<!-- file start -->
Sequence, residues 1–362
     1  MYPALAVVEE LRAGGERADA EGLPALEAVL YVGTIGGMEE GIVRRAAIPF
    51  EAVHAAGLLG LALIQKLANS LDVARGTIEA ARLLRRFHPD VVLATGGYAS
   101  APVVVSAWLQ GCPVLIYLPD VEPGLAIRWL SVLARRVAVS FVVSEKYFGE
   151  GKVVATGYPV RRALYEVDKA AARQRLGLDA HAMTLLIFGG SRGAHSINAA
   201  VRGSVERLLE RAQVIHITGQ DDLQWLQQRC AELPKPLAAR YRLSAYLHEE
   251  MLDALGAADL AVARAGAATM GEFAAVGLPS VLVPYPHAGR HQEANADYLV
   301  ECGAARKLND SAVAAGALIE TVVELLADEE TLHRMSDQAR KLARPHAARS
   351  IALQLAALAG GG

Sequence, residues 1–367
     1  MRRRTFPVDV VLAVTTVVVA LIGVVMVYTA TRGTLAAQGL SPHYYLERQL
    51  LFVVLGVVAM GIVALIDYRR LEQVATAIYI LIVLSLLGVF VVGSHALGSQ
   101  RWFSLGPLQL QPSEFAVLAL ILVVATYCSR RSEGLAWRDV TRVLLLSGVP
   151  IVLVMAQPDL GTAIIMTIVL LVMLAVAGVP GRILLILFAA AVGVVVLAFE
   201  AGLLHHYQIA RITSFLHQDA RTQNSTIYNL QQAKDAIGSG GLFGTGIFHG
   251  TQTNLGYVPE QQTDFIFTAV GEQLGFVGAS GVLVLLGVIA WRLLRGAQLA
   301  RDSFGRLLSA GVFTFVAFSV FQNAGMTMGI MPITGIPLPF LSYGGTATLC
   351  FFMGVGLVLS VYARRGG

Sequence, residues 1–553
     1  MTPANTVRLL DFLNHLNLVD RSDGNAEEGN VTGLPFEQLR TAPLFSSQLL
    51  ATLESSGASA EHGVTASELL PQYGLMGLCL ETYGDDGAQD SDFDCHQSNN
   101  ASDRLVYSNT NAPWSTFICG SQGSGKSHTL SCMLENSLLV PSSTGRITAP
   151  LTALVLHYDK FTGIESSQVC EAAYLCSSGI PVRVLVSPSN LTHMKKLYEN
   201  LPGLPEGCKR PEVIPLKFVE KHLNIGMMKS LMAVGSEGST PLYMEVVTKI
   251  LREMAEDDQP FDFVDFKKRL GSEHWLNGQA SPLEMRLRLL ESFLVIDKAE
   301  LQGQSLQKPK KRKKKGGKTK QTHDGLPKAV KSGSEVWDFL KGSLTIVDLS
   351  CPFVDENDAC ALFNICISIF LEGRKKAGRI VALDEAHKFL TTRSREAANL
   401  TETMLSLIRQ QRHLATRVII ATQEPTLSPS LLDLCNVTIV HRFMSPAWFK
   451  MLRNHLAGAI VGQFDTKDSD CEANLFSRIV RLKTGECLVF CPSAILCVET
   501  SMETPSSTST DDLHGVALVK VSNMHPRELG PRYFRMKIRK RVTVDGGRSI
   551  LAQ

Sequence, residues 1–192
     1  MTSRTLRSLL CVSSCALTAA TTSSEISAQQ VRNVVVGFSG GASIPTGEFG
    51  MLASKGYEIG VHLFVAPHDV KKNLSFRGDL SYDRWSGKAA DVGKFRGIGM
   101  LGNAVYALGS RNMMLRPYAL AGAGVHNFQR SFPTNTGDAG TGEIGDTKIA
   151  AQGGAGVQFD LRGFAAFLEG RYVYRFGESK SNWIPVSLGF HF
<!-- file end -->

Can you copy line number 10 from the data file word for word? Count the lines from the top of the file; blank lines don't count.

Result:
Sequence, residues 1–367